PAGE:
On November 4, 1995 (12 Cheshvan), Israel’s Prime Minister Yitzhak Rabin was assassinated by a fellow Israeli at a peace rally in Tel Aviv. The months preceding his murder were darkened by discord, incitement, and hate speech. It was disagreement in its most destructive form.
Every year since, Israelis and Jews around the world have struggled to mark Yom Rabin, the Hebrew date of Rabin's assassination. Some teach of peace, some learn about democracy, some ignore its significance altogether.
We believe it’s time for a new tradition.
Our goal is to make Yom Rabin the Jewish Day of Healthy Argument. A day on which Jews worldwide host events and programs that embrace healthy arguments.
Arguments that help us talk openly about our disagreements and understand each other’s perspectives. Arguments that build bridges rather than deepening divides. Arguments that teach us that we can live together, despite our differences.
Without it, we have no way to formulate policies that serve a diverse variety of interests and populations, nor will we have the resilience to maintain diverse communities. Yom Rabin presents an excellent opportunity to hone our individual and collective skills of healthy argument and to do so in a way that reaffirms our commitment to living together in peace.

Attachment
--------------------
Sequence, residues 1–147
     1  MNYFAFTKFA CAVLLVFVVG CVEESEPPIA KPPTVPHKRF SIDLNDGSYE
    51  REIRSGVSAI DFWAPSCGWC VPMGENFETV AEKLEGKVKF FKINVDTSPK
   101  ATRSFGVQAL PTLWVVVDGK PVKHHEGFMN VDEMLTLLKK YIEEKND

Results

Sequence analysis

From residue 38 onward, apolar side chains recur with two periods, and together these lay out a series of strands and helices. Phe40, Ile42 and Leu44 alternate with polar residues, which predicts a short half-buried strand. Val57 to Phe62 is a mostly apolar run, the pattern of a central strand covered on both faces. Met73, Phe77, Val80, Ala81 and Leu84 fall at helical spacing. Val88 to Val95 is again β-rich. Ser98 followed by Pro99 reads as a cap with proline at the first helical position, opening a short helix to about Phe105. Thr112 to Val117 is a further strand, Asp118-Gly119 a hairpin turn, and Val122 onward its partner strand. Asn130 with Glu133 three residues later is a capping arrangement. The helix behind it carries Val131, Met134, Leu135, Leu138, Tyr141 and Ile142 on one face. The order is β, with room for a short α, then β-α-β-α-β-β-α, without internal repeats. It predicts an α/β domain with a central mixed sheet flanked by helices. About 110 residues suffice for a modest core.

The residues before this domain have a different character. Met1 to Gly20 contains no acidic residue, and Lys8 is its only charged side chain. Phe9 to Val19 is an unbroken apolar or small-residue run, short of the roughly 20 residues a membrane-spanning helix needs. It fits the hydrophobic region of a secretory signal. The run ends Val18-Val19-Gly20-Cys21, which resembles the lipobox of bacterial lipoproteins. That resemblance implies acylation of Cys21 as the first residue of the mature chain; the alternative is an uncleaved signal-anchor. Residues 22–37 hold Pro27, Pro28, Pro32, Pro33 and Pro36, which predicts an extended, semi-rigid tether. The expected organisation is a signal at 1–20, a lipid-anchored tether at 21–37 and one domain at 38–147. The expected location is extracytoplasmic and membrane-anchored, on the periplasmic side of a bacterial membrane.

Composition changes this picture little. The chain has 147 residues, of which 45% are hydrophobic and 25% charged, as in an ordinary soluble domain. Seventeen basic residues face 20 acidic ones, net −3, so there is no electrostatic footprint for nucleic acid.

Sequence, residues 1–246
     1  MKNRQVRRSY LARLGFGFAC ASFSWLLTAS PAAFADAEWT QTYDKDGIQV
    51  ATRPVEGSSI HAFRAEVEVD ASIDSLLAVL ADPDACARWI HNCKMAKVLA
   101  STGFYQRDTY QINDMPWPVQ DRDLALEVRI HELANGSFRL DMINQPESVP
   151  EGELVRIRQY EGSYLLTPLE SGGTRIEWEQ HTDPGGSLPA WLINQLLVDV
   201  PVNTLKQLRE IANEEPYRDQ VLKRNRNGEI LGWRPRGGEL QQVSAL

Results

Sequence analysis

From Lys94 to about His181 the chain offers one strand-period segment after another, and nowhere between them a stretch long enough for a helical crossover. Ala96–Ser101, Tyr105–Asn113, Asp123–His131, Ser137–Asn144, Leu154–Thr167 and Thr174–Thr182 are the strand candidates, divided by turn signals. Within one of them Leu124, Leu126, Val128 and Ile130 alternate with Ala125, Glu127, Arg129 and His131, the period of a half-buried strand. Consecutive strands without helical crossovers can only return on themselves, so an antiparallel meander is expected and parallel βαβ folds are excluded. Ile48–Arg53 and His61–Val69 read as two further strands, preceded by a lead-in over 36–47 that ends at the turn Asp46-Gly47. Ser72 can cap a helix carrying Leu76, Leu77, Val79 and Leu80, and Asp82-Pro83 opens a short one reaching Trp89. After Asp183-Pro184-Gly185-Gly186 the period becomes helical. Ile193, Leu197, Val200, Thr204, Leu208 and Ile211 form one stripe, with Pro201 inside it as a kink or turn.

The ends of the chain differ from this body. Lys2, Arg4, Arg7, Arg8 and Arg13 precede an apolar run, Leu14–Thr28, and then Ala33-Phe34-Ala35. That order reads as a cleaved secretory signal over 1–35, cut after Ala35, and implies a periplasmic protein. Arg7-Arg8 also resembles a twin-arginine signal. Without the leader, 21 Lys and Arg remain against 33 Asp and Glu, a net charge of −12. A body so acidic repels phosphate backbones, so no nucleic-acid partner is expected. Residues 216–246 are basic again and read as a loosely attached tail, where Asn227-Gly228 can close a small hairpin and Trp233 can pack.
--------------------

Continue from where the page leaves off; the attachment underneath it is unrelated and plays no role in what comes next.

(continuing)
Healthy argument can provide one crucial antidote to such escalation, channeling societal conflicts into greater cohesion, problem-solving, and capacity to find ways forward together. We are excited to join with other organizations in marking Yom Rabin as a Day of Healthy Argument and to offer tools to help communities confront, honor, and learn even from enduring and passionate differences.
We believe that our differences can enrich our learning, deepen our relationships, and prompt personal growth. Yom Rabin reminds us of the crucial need to engage with those with whom we disagree in accordance with the Jewish value of mahloket le-shem shamayim (loosely translated as ‘constructive disagreement’).
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